Re: [Cfrg] How to circumvent the obstacles for PAKE integration into TLS // slides.

Natanael <> Wed, 28 August 2019 09:31 UTC

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From: Natanael <>
Date: Wed, 28 Aug 2019 11:31:30 +0200
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To: Hannes Tschofenig <>
Cc: Jonathan Trostle <>, "Owen Friel (ofriel)" <>, "" <>, =?UTF-8?B?QmrDtnJuIEhhYXNl?= <>, CFRG <>
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Subject: Re: [Cfrg] How to circumvent the obstacles for PAKE integration into TLS // slides.
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Den ons 7 aug. 2019 14:16Hannes Tschofenig <>;

> Here are my 5 cents:
> I don’t expect PAKEs to be used for web-based scenarios as a replacement
> for passwords used in web-based applications.
> Instead, the only use of PAKEs I had seen over the last few years was in
> the area of IoT as part of onboarding mechanisms.
> Unless those folks developing browsers tell me that they want to put PAKEs
> into their browsers I would focus on the IoT use cases instead. The reason
> why I am saying this is because FIDO, which also tackles the password
> problem, looks like a much, much more promising route…
We just got Facebook declaring interest in using OPAQUE or equivalent PAKE
protocols, which is significant.

And I also think (in my layman's opinion) that this should be supported in
browsers so websites can use it. I've written this once before;

The way I see it, combining a PAKE with a 2FA solution like FIDO / WebAuthn
is the best approach.

It's infinitely more resistant to both phishing and to accidental harm.
Compared to just adding a second factor which would still expose the
password, you don't just devalue credential phishing attempts when
combining U2F + PAKE, you can make it close to impossible.

FIDO 2FA by itself doesn't really "tackle the password problem". It "just"
adds a very strong shield *behind* it (but not in front of it). You still
risk leaking passwords, and password reuse isn't going away no matter how
much we try, people will remain lazy and reuse them. And not every site
will use 2FA!

While it's true that a PAKE can't protect a weak password if the server
gets breached (dictionary or bruteforce guessing), it can however protect
against a hacker spying on your strong passwords when they hack a site you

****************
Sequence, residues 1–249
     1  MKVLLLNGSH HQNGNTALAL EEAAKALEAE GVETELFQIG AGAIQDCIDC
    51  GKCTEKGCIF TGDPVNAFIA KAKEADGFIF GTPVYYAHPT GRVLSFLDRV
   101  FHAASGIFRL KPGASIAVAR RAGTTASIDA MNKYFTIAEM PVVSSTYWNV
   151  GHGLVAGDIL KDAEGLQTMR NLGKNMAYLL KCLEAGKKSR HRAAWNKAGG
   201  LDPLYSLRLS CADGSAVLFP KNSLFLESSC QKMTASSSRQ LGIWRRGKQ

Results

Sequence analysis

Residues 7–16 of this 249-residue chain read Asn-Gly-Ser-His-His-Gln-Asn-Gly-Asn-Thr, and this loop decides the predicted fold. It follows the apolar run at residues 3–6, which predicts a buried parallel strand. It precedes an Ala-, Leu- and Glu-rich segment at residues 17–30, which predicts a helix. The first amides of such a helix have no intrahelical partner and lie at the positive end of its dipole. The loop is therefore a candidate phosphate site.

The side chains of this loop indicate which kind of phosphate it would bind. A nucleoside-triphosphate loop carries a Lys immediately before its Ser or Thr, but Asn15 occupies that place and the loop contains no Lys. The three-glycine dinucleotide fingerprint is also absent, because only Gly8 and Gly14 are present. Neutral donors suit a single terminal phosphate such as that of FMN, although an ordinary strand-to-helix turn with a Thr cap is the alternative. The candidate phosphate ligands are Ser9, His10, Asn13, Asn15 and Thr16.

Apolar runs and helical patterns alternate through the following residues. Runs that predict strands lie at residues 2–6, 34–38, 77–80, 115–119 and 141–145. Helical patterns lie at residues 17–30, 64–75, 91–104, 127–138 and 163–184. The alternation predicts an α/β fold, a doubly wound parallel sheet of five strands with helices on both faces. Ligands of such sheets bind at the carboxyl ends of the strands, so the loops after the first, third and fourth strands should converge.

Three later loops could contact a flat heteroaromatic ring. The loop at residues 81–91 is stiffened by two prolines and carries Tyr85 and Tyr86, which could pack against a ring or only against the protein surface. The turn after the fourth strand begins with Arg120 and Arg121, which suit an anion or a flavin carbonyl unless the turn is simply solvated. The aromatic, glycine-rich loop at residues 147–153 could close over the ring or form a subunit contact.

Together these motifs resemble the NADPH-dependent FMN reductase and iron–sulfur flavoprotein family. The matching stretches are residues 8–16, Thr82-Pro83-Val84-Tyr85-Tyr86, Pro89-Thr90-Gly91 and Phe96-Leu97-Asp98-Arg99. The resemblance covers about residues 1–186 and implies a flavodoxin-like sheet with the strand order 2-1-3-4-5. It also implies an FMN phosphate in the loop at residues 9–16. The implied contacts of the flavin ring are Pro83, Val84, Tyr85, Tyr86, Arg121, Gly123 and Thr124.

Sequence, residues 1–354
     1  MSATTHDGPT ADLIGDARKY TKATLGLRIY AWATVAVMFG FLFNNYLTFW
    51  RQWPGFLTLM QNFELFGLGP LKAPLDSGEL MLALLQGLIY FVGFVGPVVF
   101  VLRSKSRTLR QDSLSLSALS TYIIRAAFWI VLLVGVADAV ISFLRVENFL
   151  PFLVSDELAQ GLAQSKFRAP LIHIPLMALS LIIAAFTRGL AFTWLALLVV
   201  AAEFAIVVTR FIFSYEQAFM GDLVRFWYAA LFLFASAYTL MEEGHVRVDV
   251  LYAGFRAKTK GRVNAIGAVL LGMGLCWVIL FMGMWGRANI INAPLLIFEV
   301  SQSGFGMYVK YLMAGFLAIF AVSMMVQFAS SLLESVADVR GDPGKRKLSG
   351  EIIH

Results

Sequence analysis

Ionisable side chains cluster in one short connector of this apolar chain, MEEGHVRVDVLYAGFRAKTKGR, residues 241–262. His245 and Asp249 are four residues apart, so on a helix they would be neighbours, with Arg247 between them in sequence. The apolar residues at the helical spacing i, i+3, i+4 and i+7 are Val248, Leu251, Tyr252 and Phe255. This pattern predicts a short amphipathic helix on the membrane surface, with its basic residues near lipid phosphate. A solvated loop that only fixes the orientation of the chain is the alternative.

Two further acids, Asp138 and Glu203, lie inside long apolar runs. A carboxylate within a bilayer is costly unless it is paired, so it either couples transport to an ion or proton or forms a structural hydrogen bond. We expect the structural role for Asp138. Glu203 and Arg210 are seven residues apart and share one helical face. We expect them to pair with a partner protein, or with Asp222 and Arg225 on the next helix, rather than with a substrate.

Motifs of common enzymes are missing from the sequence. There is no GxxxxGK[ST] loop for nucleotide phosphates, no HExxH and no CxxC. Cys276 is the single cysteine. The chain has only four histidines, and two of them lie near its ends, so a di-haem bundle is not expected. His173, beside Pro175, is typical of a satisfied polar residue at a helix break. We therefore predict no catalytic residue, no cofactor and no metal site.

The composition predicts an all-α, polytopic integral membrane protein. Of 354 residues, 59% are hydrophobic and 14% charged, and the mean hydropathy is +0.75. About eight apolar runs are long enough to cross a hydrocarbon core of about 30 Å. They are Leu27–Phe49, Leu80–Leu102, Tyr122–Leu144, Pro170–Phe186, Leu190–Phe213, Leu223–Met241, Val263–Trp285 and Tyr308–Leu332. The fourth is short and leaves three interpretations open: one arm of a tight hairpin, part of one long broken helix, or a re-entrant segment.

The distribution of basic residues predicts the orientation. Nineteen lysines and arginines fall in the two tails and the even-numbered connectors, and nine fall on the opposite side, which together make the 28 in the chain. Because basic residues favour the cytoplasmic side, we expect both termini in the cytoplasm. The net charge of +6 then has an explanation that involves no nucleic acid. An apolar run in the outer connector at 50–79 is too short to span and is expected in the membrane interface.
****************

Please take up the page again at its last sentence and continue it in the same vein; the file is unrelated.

use! So under PAKE, your strong passwords remain strong even if the
adversary can manipulate the server, and they won't be able to test reusing
then against other services (at least assuming replay attack protection in
the protocol!).

A secondary and less common risk (yet real) is spearphishing, where
somebody is willing to steal your token and test reused passwords against
the target web service(s).

Pushing for widespread PAKE support (with dictionary attack resistance) to
resist password leaks is far more effective. One could hope that training
users to expect a browser initiated PAKE password entry would make them
suspicious of plaintext credential phishing forms.

I envision an approach where the user first types their username (which the
browser can remember), get asked to confirm their login attempt with their
hardware 2FA token (button press, or TPM connected secure input), and then
they get a secure PAKE prompt from the browser that asks the user to type
their password / PIN. After both U2F and PAKE has successfully
authenticated the user, they get logged in.

The browser's PAKE prompt may even be integrated with a password manager,
so you only need to click OK after you have unlocked your password manager.

U2F even supports registering keypair on the hardware token which allow you
to login without typing your username (requires using storage space on the
token), making it even simpler (press the button, type a PIN).

So the simplest secure login ux flow would be to unlock the password
manager once with your password, then login to a website by tapping the
hardware token's input button, then (optionally, can be automated) confirm
your password input.